Answer to that comment:
I can see your point about moving on too early from SWG, but in the case of UO, I was on there for two years after launch, and was in fact the only original team member left. :)
Let’s agree on something: both UO and SWG were ruined by the fact that the original minds left. And it will be the same for EVERY mmorpg out there. Now and in the future. Dev teams change and things usually go right in the toilet. In particular those games with a so strong “imprinting“.
Bring in more people with new ideas, that’s good. But an high churn rate in the dev team will almost surely lead to a disaster. If people won’t stick then nothing good is going to come out. Before or after the launch it doesn’t change absolutely anything. It’s in fact quite obvious that SWG was hurt in particular because it lacked a real direction. Every few months there was someone else at the wheel with a different idea about where to go.
It was your own game and there was noone in the world who could run it beside you. That’s the only real truth. *You* killed it the moment you accepted to pass the duty. It’s your own responsibility.
Actually I even think that you consciously or unconsciously built it so that the game would have rejected everyone else. Or you or noone else. Like some kind of DNA code identification system that started a countdown to self destruction as someone else tried to “violate” it. You definitely cheated SOE by handing them a crippled game that noone else beside you could have utilized productively.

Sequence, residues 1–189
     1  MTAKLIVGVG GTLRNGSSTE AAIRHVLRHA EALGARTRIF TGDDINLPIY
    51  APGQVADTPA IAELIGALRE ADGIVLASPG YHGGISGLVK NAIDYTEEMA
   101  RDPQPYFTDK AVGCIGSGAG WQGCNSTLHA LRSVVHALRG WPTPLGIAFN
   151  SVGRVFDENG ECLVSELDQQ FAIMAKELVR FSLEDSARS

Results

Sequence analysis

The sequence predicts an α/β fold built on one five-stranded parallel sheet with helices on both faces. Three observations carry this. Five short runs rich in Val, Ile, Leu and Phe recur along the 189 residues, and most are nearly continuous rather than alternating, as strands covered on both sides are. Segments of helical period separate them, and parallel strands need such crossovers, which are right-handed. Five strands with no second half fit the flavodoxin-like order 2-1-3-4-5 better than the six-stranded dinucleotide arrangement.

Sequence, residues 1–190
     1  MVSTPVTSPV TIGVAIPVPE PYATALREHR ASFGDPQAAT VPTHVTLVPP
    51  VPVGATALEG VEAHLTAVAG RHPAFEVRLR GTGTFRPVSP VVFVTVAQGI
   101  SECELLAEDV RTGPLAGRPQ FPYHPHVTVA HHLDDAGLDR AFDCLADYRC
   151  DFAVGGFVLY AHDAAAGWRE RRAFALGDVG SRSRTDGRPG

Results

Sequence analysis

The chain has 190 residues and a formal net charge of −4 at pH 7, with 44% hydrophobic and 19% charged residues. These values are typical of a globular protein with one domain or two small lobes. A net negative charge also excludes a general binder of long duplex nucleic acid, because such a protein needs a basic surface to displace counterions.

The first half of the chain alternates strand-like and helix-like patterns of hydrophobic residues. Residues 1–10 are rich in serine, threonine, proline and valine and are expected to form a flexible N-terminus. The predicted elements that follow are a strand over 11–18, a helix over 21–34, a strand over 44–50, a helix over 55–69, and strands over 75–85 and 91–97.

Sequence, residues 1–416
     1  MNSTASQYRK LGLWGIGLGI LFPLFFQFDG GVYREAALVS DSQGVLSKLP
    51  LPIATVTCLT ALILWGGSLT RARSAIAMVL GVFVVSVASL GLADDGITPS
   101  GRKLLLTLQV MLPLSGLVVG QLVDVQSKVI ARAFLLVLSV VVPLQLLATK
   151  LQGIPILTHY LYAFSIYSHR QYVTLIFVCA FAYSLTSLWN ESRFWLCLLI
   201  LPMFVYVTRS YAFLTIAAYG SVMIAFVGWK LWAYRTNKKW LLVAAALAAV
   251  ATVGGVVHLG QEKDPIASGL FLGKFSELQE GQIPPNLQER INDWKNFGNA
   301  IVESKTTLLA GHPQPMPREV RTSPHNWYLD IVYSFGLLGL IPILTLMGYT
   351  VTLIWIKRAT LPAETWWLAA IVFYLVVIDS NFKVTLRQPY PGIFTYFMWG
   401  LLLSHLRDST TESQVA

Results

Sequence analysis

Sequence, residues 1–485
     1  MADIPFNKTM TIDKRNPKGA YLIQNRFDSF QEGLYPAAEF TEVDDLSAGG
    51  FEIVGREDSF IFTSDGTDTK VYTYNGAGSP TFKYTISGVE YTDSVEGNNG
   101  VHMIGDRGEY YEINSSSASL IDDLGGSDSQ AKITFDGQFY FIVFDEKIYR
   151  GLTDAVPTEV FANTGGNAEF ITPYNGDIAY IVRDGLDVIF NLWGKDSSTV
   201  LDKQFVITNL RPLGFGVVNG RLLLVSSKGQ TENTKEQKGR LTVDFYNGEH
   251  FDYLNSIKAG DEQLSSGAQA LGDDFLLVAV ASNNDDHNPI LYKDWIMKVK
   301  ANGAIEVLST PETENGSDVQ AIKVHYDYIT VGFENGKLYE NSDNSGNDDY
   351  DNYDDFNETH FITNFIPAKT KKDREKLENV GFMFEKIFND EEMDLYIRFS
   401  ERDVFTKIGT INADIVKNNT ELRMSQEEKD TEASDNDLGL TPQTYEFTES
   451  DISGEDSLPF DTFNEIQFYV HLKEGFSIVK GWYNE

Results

I do think that not only SWG was rushed out, but that it was also flawed. But this doesn’t change the fact that the only one who could have fixed those flaws were you and noone else.
Want to design new games every few months? Good, then DO NOT aspire to be a Lead Designer for a mmorpg. These games aren’t waiting rooms where you sit for a couple of months before moving onto something else. A mmorpg is a life-job, if you have the opportunity and privilege to continue. It shouldn’t be a walk in the park. Being a Lead Designer should be a daunting task that noone wants, not the easiest way to the game industry stardom.
Plus I only see two different kinds of game designers: the first is the “George Lucas type”, who continues to make the exact same game over and over and over. The other is the one who make ONE great game that will be remembered and mimicked for a long time, while all the rest he tries just sucks so hard and is better forgotten.
I wrote that also thinking to what Gordon Walton said about TSO. I mean, you both had the opportunity to continue the development.
It would be different if you were *fired* from the respective projects. In that case it would make sense to “rant” about what went wrong and how things should have worked. But instead you both decided to drop the ball and leave it there. There’s no privilege of ranting in that case.
That’s too easy. Or you admit that things went wrong and you made a mistake and decided to flee away as quick as possible, or you could have taken the opportunity and kept working on those projects if they were something in which you still believed.
Imho a Lead Designer shouldn’t move AT ALL. Stop. There’s no “early” or “late”. Or there is commitment, or things go to hell.
Or you build a game without personality and so derivative that everyone can lead it. That works too.
SOE did the right thing. Yes. They lobotomized the game because it was the only way for them to break that goddamn DNA lock you sneaked into it.
And *why* you put in that lock? Because it was the greatest way to demonstrate that you are unique and irreplaceable. Or, romantically, a “work of art” ;p